They didn't think that kind of organic chemistry was possible.

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Astronomers looking at the radio signals given off by distant planetary nebulae — the powerful shockwave given off by stars similar to our Sun as they enter their death throes — were caught by surprise when they found complex and even organic molecules coming from the wreckage.

Previously, scientists didn't think that any organic compounds — any molecule that contains carbon atoms — could survive a planetary nebula's powerful radiation, and especially not in such far reaches of the galaxy, according to a press release. But the University of Arizona researchers spotted radio emissions associated with three different organic molecules in five different planetary nebulae within the Milky Way, according to research that was presented on Tuesday at a meeting of the American Astronomical Society.

Tiny Survivors

The fact that organic compounds can actually survive these violent stellar outbursts — which provide about 90 percent of the matter found in interstellar space — is a huge deal for what we understand about planetary formation.

"It was thought that molecular clouds which would give rise to new stellar systems would have to start from scratch and form these molecules from atoms," lead study author and Arizona chemist and astronomer Lucy Ziurys said in the release. "But if the process starts with molecules instead, it could dramatically accelerate chemical evolution in nascent star systems."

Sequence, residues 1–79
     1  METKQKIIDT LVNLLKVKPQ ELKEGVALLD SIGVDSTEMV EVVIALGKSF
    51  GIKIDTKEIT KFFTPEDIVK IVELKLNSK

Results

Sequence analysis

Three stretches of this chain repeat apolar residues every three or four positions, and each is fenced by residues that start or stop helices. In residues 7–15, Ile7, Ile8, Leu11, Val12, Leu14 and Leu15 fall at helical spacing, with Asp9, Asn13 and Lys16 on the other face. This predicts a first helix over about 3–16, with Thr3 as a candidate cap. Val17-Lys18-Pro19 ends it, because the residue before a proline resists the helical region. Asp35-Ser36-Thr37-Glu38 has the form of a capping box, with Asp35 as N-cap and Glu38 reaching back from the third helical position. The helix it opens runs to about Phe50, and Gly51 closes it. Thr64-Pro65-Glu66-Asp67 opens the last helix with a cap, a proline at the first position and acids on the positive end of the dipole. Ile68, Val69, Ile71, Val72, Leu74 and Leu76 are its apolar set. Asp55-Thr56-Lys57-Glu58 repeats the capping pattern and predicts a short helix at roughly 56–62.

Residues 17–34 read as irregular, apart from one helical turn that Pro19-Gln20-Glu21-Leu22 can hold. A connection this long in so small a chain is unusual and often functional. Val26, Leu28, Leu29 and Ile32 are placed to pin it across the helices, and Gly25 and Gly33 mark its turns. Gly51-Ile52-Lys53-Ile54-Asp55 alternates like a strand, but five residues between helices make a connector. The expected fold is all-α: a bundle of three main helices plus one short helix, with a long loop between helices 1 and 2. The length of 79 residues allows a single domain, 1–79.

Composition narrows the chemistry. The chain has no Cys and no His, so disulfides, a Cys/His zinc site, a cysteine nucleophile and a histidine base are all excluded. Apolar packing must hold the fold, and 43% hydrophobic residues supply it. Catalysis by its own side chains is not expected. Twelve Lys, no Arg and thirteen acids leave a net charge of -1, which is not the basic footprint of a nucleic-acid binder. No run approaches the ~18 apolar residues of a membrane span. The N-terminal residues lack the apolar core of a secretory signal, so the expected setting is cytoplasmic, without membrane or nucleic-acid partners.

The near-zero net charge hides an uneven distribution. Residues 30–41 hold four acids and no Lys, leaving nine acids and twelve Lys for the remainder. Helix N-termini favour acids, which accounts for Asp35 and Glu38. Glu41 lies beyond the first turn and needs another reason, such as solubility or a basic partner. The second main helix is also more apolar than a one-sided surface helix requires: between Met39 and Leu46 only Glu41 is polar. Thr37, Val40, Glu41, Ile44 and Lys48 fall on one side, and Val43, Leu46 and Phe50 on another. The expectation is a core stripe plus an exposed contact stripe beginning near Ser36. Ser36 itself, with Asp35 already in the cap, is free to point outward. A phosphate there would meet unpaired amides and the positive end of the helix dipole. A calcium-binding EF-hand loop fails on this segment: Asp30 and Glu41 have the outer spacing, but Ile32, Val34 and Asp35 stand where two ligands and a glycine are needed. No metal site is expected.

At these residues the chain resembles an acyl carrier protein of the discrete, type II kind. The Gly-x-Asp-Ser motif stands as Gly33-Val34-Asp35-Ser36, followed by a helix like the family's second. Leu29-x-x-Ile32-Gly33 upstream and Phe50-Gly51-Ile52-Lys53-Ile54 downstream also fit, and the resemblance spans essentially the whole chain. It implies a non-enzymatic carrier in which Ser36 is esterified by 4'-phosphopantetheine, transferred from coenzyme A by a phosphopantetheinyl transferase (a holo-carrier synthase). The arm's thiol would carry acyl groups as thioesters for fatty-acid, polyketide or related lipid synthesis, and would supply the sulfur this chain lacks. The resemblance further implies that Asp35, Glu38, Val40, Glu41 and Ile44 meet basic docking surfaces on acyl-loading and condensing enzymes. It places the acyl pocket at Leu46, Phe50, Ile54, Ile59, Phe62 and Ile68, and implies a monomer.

Extended Search

The planetary nebulae in question were well outside what astronomers assumed to be the Milky Way's Galactic Habitable Zone, a region including our solar system, in which it's theoretically possible for life to survive.

"Scientists have wondered about the extent of organic chemistry in our galaxy for a long time, and it was always thought that not too far beyond our sun, we're not going to see a lot of organic molecules," study coauthor Lily Koelemay said in the release. "The widely held assumption was that in the outskirts of our galaxy the chemistry necessary to form organics just doesn't occur."

Of course, the presence of carbon molecules is extremely far removed from the presence of life. But assuming that the work holds up, astronomers may need to update their assumptions about the cosmos and just how survivable it is elsewhere in the galaxy.

READ MORE: Organic molecules reveal clues about dying stars and outskirts of Milky Way [University of Arizona]

More on planetary nebulae: See What Astronomers Are Calling "The Last Breath of a Dying Star"

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